The research project Mesh Mould successfully qualified for the final of this year’s Swiss Technology Award. The innovative building technology, which has been developed by an interdisciplinary research team of ETH Zurich within the framework of the National Centre of Competence in Research (NCCR) Digital Fabrication, promises to revolutionise the construction of steel-reinforced concrete structures through the combination of the two commonly separated functions of formwork and reinforcement.

The Swiss Technology Award is the most significant award for innovation and technology transfer in Switzerland. Organised by the Swiss Economic Forum AG, the highly coveted trophy honours the best technological innovations of start-ups, universities, technical institutions and established businesses in the three categories “Inventors”, “Start-Up” and “Innovation Leader”. The winners will be chosen on the 24 November 2016 during the Swiss Innovation Forum in Basel.

Saving of Material and Production Costs
This year, the Swiss Economic Forum AG received a total of over 50 applications. A top-level jury, consisting of experts from Swiss industry, politics and education, selected Mesh Mould as one of the three finalists in the category “Inventors”. Norman Hack, project leader of Mesh Mould, is extremely proud about the nomination: “My research team and I are very happy. All of us have put great effort in advancing Mesh Mould. The nomination underlines the great novelty value and market potential of our work”. In the conventional construction of reinforced concrete structures, the steel-reinforcement is surrounded by a material- and cost-intensive formwork which gives the concrete its final form. The new building technology Mesh Mould combines the two functions of formwork and reinforcement: “First, a steel-mesh is robotically fabricated based on a computational model. Thanks to the precision of the custom-designed end-effector used for the robotic fabrication process, literally every form can be achieved. Then, concrete is poured inside the mesh and a final surface finish is done. Thanks to the specific mesh structure and the particular concrete mixture, the concrete remains inside the mesh and does not run out. No separate formwork is needed, whether the target shape is of standard or highly complex nature”, explains Hack.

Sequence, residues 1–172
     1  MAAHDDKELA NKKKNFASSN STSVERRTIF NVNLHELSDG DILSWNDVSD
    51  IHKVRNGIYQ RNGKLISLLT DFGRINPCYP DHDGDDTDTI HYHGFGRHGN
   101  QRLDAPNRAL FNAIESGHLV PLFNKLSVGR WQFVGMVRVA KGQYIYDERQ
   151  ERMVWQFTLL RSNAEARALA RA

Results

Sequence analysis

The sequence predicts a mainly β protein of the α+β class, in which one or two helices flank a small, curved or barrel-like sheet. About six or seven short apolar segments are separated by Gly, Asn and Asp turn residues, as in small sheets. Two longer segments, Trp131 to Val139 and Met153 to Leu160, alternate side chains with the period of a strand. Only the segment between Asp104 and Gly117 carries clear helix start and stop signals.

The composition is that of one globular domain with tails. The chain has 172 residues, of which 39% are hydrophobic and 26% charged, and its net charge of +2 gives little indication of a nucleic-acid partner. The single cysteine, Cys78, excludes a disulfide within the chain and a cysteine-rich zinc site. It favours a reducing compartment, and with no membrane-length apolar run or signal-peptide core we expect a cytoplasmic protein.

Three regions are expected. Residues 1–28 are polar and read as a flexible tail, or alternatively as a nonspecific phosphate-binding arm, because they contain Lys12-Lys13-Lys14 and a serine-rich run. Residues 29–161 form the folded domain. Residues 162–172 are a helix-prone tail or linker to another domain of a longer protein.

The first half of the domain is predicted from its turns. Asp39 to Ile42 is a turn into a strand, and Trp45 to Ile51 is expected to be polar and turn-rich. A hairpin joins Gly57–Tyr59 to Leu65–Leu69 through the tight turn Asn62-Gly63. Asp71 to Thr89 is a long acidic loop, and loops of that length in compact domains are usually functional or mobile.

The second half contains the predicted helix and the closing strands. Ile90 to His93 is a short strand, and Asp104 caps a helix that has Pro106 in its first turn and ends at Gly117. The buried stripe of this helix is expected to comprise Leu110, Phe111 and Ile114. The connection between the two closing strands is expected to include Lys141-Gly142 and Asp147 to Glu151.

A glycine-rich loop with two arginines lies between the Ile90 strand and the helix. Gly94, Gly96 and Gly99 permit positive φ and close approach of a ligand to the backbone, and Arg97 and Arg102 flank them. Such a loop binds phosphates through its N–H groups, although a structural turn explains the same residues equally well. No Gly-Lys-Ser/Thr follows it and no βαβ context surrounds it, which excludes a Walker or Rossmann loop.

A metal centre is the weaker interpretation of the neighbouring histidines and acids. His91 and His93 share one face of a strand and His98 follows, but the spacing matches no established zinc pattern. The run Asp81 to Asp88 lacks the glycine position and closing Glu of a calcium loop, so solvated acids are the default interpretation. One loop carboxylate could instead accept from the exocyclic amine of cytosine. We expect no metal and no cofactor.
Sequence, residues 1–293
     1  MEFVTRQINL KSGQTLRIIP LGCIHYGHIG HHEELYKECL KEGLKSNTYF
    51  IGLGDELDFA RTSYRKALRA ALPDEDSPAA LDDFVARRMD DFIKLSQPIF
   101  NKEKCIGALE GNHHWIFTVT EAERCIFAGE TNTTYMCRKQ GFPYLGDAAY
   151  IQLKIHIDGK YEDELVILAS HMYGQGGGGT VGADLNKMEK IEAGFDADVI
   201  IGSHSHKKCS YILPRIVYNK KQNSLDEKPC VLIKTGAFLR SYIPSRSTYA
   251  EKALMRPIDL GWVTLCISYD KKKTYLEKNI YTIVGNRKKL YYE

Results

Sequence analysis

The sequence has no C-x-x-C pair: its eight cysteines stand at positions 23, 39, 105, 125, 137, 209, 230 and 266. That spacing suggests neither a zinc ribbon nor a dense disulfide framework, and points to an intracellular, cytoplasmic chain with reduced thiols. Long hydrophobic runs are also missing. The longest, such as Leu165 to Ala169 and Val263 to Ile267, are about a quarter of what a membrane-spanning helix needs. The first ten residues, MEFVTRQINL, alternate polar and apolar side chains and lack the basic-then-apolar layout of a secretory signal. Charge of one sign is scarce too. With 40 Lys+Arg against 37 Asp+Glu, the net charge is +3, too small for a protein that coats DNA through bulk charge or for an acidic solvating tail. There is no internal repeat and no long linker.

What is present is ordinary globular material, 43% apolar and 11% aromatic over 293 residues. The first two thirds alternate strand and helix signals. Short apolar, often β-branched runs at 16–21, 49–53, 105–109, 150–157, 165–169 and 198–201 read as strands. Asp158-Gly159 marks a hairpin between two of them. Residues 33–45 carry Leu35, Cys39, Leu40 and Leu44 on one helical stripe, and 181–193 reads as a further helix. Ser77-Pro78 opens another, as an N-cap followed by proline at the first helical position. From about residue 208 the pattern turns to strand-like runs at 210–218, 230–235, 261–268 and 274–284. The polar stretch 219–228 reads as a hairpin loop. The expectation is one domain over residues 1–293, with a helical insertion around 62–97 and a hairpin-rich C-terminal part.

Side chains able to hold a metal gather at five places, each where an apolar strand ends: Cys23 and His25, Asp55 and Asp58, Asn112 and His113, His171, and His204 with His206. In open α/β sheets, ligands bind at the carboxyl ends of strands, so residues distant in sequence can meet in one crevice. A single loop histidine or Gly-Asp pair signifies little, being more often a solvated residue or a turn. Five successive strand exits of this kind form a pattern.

Democratisation of Bespoke Concrete Architecture
Today’s architecture is characterised by standardised concrete structures. This is largely due to the fact that the construction of complex concrete structures is very material- and cost-intensive. A good example is the Rolex Learning Center in Lausanne, says Hack: “Based on today’s means, the building was literally built twice – once in wooden formwork and once in reinforced concrete. As the wooden formwork for such a complex building has to be highly customised, it can only be used once. The consequence are tremendous production costs and material waste”. This is where the interdisciplinary research team consisting of researchers from architecture, robotics, materials science and structural engineering, sees the great potential of Mesh Mould: thanks to the combination of the two functions of formwork and reinforcement, material and construction costs can be saved. Unique reinforced concrete structures can be built without any additional effort. But the new building technology also has the potential to make the construction process of standardised concrete structures less material-intense and therefore more sustainable. Whilst today walls for example have a continuous thickness, with Mesh Mould, the thickness of a wall can vary over its whole length depending on the required load-bearing capacity of a specific section. “For us, this is a significant step towards a sustainable, digital building culture”, so Hack.

First Real-World Application in 2017
In 2017, the Mesh Mould technology will be implemented on the modular research and innovation building Empa NEST in Dübendorf as part of the NEST Unit of the NCCR Digital Fabrication. A Mesh Mould wall will be built directly on site by the NCCR Digital Fabrication’s construction robot In situ Fabricator and will serve as a main structural component of the three-storey building unit. The Mesh Mould research team is already looking forward to this first real-world application at 1:1 building scale.

You can download the PDF version of this press release in English and in German. For any further information and image material , please contact Tanja Coray, Communications Officer of the NCCR Digital Fabrication: communications@dfab.ch

Project images and videos can be found on the Mesh Mould project site.

For more information about the Swiss Technology Award, please visit the Website of the Swiss Innovation Forum.

Research program: National Centre of Competence in Research (NCCR) Digital Fabrication
Project leader: Norman Hack
Collaborators: Kathrin Dörfler, Dr. Jaime Mata Falcón, Dr. Nitish Kumar, Alexander Nikolas Walzer, Dr. Tim Wangler
Contributing professorships: Gramazio Kohler Research, Institute for Technology in Architecture, ETH Zurich; Agile & Dexterous Robotics Lab, Institute for Robotics and Intelligent Systems, ETH Zurich; Physical Chemistry of Building Materials Group, Institute for Building Materials, ETH Zurich; Concrete Structures and Bridge Design, Institute of Structural Engineering, ETH Zurich
Industry partners: Sika Technology AG, Noe Schaltechnik GmbH
Institution which launched the project in its first phase: Future Cities Laboratory, Singapore ETH Centre

Image credits: Swiss Innovation Forum
Image caption: Norman Hack, project leader of Mesh Mould.